“We have a solid case against Habré and his security agents. We were able to get into the archives of the Directorate of Documentation and Security, Habré’s political police. These records give us a lot information. Together with HRW, we recovered files that reveal the names of 1,208 people who were killed or died in detention and 12,321 victims of human rights violations. Among these documents were copies of 1,265 direct communications to Habré from the DDS about the status of 898 detainees. The judges made four trips to Chad. It allowed them to conduct their own investigations, questioning thousands of direct and indirect victims.
Not an easy road
“It wasn’t an easy road to the start of the trial. There were death threats and intimidations. I learned to live with it without fear. It has made me more obstinate. The government of Chad protects no one. If you are committed, you do what you have to do. If you lose your life, too bad for you. Bringing a former dictator to justice is no easy task, and it is fraught with danger. Some of the former perpetrators continue to haunt us with daily taunts and threats. I survived two attacks on my life. The first on 11 June 2001, when a grenade was thrown at my feet during a demonstration that I led in Ndjamena, Chad’s capital. The order was given by one of Habré’s former prison guards, who now commanded all police units in the current government.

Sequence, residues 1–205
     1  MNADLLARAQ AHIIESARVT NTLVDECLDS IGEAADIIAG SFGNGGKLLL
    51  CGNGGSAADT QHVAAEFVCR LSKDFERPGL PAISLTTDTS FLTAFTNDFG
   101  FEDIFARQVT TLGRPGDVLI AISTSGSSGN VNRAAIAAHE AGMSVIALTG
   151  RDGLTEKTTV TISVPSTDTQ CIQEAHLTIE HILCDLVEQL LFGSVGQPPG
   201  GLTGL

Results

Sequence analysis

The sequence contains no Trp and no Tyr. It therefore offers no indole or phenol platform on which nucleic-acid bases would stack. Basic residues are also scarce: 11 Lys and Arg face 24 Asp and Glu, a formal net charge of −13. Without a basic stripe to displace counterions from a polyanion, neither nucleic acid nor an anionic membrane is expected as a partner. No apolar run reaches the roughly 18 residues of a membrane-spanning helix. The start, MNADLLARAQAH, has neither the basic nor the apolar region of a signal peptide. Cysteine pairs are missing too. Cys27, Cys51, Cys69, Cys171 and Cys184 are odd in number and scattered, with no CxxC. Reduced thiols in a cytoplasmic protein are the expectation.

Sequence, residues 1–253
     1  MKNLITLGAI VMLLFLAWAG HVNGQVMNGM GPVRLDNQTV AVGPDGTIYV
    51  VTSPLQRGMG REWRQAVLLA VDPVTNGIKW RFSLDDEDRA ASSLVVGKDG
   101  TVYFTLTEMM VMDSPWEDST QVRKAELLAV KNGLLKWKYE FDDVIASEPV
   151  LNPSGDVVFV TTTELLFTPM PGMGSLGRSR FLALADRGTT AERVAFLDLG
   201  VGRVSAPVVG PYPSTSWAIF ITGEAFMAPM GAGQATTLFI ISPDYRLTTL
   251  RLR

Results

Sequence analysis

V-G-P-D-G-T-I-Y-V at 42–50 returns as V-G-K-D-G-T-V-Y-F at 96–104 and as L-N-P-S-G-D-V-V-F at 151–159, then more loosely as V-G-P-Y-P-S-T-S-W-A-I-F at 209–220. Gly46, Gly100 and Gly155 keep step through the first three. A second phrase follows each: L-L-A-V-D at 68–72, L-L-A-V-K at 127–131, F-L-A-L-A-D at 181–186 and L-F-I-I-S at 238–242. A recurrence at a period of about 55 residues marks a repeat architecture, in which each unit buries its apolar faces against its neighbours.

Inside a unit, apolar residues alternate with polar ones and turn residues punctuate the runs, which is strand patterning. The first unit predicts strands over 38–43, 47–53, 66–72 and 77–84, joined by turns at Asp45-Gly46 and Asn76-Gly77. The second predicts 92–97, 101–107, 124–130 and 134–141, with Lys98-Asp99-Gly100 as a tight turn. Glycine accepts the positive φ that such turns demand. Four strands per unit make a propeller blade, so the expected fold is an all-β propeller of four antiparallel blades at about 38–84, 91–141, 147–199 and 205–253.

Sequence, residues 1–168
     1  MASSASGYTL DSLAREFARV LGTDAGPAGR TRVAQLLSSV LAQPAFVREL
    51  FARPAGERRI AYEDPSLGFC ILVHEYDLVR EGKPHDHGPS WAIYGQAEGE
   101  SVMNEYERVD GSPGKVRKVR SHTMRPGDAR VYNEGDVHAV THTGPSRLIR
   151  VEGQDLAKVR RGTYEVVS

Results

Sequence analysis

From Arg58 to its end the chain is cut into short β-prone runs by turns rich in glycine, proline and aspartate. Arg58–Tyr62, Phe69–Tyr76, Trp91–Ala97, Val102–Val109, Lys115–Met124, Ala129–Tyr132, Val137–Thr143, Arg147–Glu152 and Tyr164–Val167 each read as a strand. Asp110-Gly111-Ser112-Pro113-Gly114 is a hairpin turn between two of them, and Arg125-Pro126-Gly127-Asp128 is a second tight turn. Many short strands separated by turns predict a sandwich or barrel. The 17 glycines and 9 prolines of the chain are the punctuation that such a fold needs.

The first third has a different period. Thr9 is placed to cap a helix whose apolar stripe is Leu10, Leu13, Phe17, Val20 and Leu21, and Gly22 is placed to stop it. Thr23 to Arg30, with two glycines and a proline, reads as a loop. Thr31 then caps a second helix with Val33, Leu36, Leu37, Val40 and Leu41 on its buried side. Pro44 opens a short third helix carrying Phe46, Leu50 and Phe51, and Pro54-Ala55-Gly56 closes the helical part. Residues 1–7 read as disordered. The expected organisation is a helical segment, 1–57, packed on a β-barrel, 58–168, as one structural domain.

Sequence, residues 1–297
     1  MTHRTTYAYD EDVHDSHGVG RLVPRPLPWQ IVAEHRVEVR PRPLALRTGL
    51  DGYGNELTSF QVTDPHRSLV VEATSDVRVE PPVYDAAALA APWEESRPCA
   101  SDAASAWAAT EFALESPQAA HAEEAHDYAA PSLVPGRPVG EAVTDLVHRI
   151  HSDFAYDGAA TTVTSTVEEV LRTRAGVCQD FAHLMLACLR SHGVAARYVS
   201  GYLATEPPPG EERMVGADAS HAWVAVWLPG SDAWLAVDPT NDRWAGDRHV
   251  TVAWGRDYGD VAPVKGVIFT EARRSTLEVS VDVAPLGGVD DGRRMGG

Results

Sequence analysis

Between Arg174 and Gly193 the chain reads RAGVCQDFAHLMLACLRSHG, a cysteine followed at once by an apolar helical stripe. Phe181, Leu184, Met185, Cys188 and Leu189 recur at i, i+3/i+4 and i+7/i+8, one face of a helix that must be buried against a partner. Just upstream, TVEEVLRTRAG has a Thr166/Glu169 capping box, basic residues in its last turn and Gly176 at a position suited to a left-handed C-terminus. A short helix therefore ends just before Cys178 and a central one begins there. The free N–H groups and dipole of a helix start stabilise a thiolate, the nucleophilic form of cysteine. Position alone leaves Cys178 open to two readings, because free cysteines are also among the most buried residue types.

“I had four operations on my right leg. It took me 15 months to recover, and there are still a lot of grenade parts in my body. But that does not prevent me from continuing because there is a group that counts on me. And that leads me to move forward. Even if I do not succeed, there will be another person who will continue my work, and he or she will succeed.“